Awarezen is a missional and spiritual formation ministry that reaches out to people seeking to transform their minds and lives through meditation. Many are practicing or intend to practice Buddhist and other nondual meditation approaches including Advaita, Chan/Zen, Yoga, and Tantra. Awarezen takes away the religious embellishments and ritualism wrapping these methods to reveal the pristine essence of liberation and awakening for human flourishing.
Ultimately, even such liberation and awakening—seen and confronted as destructive bondage of sinful rebellion and resistance to God— is to be transcended and subversively fulfilled in the person and redemptive work of Christ: incarnate Logos, crucified Saviour, exalted King, cosmic Lord, and absolute God. Awarezen proclaims the supremacy of Christ in subversive fulfilment of all Asian paradigms, while being open to surprising sparks of common grace.
In a dialogical way, Awarezen also introduces Christians to the Buddha—connecting with their awakened buddha-nature ultimately grounded in Christ through potent means of grace found uniquely in the Dharma that can liberate, awaken, and transform us beyond our attachment to beliefs and concepts, words and letters. Are we brave enough to transcend dogmatic fixations to touch the supreme source of truth, wholeness, and beauty beyond our conditioning?
Awarezen 2.0 has emerged out of a period of prayerful and contemplative sojourning in and into Christ. When I first conceived and enacted Awarezen, I first saw it as an online meditation school focused on helping co-create all things anew. It was a project in the nondual wisdom tradition that transcended religious boundaries and integrated my entire life’s learnings in spiritual and meditation formation across Asian and Christian biblical paradigms. Its mission was to invite human flourishing and transcendence so as to co-create a culture of peace on this planet.
In my initial project plan, I envisioned Awarezen as a missional ministry centred on Christ while retaining its hospitable stance towards world spirituality and secularity alike. A culture of peace based on human flourishing and transcendence of egocentrism remains a central concern. But this process is intimately grounded in the common and salvific grace of God in Christ. Awarezen seeks to introduce Buddhist meditators and meditators of other Asian traditions to the person-event-work of Jesus Christ, a pivotal historical figure unfortunately misunderstood and misrepresented in more ways than one. I do not claim to have sole privileged knowledge but offer my insights and revelations in the context of my lifetime’s meditative experience. That was Awarezen 1.0.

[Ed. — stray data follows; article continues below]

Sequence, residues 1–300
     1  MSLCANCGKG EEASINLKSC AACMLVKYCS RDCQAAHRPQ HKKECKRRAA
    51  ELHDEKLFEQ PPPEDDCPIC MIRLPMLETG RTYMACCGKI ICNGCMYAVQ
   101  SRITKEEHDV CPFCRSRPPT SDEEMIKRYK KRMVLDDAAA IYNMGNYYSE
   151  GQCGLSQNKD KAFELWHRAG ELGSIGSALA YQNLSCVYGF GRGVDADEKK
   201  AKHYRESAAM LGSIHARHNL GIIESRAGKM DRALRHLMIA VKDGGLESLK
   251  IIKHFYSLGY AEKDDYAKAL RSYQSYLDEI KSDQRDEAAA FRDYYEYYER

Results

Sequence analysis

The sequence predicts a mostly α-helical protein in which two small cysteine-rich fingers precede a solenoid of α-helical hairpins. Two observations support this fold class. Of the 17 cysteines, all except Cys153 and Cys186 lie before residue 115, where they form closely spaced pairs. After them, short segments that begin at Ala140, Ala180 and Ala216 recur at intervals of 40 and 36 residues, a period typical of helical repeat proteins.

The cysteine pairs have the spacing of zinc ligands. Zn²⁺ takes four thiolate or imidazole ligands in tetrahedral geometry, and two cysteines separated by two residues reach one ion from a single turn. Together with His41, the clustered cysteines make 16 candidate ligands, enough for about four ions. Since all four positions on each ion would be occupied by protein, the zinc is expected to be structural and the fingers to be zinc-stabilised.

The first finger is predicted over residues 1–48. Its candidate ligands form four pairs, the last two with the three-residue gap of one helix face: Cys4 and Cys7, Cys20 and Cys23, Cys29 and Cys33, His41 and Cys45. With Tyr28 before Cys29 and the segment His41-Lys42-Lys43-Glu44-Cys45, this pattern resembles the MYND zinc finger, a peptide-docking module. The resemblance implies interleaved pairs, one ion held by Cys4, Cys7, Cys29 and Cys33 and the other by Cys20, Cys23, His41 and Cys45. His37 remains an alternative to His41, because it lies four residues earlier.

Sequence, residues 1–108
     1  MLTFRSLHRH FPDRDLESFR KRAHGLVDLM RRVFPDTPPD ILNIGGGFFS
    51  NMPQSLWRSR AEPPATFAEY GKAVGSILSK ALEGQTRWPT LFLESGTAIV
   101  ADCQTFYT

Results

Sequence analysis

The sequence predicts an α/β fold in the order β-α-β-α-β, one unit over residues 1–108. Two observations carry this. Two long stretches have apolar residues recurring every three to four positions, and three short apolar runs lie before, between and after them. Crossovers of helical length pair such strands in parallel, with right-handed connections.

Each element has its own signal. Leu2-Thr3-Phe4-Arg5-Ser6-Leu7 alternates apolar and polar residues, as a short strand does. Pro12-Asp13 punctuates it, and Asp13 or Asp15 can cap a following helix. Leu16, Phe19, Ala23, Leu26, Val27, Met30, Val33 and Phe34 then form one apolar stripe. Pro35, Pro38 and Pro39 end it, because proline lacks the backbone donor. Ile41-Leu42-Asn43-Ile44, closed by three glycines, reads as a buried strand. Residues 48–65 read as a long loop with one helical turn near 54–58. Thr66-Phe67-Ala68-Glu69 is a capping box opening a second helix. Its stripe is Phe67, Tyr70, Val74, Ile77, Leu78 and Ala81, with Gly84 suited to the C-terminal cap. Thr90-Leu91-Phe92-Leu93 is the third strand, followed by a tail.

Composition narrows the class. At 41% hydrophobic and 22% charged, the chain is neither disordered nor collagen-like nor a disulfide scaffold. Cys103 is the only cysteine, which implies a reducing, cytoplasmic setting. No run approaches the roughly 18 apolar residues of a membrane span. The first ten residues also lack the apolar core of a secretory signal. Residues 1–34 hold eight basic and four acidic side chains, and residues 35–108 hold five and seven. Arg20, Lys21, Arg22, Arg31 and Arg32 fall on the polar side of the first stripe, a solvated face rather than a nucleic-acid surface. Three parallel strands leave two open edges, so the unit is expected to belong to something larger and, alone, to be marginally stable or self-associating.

Now, Awarezen has undergone a quantum revision to become Awarezen 2.0. Awarezen 2.0 is graced with a new dimension to its mission: to introduce Christians to the Buddha’s lineage of meditation, wisdom, and compassion. This imperative has arisen out of my personal observations and experience of participating in the Christian church community across denominations and in two countries—Australia and Singapore. I have also served as an assistant pastor in two churches, one in Australia and one in Singapore. My pastoral internship has given me unique insights into the dysfunction and defects of mainline church culture and practice.
What is most striking is the observation that many of the Christian leaders, pastors, and elders I have encountered did not evince much of the fruit of the Spirit. If anything, it was quite the opposite. There was much talk about spiritual qualities like love but little real demonstration of the same. With my deep Buddhist background, I felt little genuine acceptance from Christians or any sincere desire from them to engage me beyond the usual surface aspects of cookie-cutter Christianity. And I have felt personally persecuted by so-called elders of churches, which I can only surmise were legalistic in spirit and ethos in spite of rhetoric to the contrary. One senior pastor I served under was even verbally and emotionally abusive towards me. Clearly, fruit of the Spirit was absent here. To me, this indicates a neglect of the inner life of silence and meditation. I have also witnessed their irrational paranoia of meditative solitude and silence, especially in relation to Asian meditative methods of which Christians are generally ignorant. In stark contrast, all my Dhamma teachers showed such depth and strength of spiritual qualities that there is simply no comparison. My Dhamma teachers all evinced a broadness of perspective and generosity of heart towards difference and plurality.
Hence, the need for profound and rich spiritual transformation, I believe, which brings us to Awarezen 2.0. Through this missional ministry, I hope to introduce Christians to their awakened awareness, their buddha-nature. I believe the rigorous, profound, and richly transformative practices of the Dhamma can serve as potent means of grace for Christians in their journey of sanctification in Christ. May this effort be fruitful in the Lord. May deep, sustained, and rigorous meditative practice usher forth good fruit of the Spirit in the body of Christ, not least amongst her undershepherds ordained by God. And may this benefit all beings caught in affliction and anguish.